They also have their own respective histories. Branwen in legend was the daughter of Llyr in the "Mabinogi," tales from Welsh mythology. She is known as the most beautiful girl in the land and turns out to be a g…

Kyria, Kyrie, and Kyrian

Kyria, the unisex Kyrie and the boy's name Kyrian are variants of the Greek girl's name Kyra, which currently ranks at #401 (in decline). They each mean "lord" in Greek but have a connection to ancient Persian and Egyptian in which they referred to the sun god Ra. The Greeks connected their word for lord to the Persian name for king, Kourosh (equivalent to Cyrus and possibly Cyril), which meant "throne." Several Persian kings were named Cyrus. In Egyptian, Ki-Ra meant "like Ra," or like the sun. There is no ancient connection to the word valkyrie, although if you were to name a daughter Valkyrie there is no sound reason to not nickname her Kyrie.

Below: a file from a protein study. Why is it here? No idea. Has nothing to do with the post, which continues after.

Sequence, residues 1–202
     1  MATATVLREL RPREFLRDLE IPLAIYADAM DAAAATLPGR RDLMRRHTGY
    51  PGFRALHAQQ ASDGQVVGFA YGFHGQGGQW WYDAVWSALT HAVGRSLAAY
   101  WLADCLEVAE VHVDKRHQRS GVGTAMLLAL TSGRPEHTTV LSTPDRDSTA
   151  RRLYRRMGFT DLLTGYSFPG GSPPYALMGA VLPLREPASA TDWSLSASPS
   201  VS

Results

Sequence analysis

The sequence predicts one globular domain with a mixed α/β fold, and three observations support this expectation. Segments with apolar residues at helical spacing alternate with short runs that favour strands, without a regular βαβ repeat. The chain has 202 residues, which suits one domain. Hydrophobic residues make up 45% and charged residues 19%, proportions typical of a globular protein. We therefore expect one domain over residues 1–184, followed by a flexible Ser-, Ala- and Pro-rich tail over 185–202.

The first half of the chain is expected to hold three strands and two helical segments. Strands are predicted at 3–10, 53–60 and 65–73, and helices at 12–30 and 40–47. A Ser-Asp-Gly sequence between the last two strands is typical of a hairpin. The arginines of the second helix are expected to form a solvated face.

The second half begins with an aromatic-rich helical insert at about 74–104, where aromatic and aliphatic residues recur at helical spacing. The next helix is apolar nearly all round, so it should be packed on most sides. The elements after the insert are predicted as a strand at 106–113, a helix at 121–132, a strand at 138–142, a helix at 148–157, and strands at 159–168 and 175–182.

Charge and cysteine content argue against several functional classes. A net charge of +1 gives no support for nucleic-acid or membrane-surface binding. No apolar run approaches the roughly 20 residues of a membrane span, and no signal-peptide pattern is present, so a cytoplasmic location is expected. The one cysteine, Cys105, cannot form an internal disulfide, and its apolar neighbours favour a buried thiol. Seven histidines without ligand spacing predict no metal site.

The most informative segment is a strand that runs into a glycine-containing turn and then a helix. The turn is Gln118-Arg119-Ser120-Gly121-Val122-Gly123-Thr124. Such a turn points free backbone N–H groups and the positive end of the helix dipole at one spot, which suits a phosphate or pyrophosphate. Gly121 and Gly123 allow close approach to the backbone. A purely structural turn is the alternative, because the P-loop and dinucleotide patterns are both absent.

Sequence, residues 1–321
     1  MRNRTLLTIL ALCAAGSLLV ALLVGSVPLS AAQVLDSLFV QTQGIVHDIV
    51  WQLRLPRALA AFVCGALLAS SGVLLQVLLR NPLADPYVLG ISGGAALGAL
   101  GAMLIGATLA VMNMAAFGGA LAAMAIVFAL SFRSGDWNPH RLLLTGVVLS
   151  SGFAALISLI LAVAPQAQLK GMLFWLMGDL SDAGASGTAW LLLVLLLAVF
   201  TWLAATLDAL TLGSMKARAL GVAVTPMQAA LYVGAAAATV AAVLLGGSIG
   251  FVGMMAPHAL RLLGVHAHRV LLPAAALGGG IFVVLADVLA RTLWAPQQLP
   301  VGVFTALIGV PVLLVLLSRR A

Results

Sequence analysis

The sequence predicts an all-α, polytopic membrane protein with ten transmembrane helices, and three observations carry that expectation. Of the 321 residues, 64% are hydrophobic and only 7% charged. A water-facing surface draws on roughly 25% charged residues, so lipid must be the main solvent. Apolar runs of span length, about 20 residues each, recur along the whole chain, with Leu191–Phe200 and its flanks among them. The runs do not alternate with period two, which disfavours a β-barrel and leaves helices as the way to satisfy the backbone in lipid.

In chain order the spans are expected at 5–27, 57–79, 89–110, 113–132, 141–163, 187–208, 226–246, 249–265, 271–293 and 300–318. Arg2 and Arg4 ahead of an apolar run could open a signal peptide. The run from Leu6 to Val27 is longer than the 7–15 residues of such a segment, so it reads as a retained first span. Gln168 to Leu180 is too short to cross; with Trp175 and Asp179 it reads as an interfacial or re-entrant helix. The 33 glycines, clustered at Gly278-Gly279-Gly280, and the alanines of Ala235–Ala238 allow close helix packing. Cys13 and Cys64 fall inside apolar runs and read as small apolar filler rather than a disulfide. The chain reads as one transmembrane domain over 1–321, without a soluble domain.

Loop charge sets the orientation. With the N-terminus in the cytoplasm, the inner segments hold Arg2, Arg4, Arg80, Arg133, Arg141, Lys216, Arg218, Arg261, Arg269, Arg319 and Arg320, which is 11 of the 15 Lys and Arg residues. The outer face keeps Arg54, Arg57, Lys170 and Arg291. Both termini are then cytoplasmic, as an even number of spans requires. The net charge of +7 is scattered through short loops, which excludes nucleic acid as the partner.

Kyria (KEER-ee-uh, and less often KY-ree-uh) is a variant of the popular girl's name Kyra. The spelling Kyria specifically means "noblewoman, respectable lady" and has been a Greek title of respect for women, much like "madam" or "miss." Kyrios was the male version of this…

Wendy as a nickname?

Sure! If Wendelina (wen-dell-EE-nah) is your style. Its similarity to Gwendolen and Wilhelmina make it approachable. If the female variants are too much for you, perhaps Wendel would be better. But since Wendy, a name invented by J.M. Barrie for Peter Pan, currently ranks at #703, the idea of using it as a nickname might appeal to those who don't want something so common. And although Wendy is sometimes used as a nickname for Gwendolyn, Wend- names get straight to the point.

Wendelina is the super rare feminine counterpart to Wendel. She is a German and Swedish name meaning "wanderer" in Old High German. Wendela, Wendeliena, Wendelin and Wendeline are other female Scandinavian variants of the name, although Wendelin is used as a boys name as well, as in the case of Saint Wendelin.